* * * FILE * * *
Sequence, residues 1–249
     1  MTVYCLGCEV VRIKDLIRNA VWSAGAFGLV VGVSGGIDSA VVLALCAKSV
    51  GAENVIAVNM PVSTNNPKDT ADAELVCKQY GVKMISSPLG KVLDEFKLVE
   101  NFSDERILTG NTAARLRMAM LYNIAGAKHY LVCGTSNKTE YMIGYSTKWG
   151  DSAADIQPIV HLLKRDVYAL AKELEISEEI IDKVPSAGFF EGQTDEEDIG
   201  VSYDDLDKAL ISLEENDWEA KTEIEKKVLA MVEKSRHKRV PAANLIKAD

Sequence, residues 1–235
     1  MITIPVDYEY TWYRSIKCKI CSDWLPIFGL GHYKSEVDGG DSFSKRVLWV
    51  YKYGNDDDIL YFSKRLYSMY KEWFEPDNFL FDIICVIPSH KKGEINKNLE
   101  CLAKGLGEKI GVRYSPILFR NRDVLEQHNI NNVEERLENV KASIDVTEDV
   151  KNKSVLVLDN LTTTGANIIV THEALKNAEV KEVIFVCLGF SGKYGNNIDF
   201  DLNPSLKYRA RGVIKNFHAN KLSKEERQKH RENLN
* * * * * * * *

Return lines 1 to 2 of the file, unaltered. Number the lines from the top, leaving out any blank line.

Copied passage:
Sequence, residues 1–249
     1  MTVYCLGCEV VRIKDLIRNA VWSAGAFGLV VGVSGGIDSA VVLALCAKSV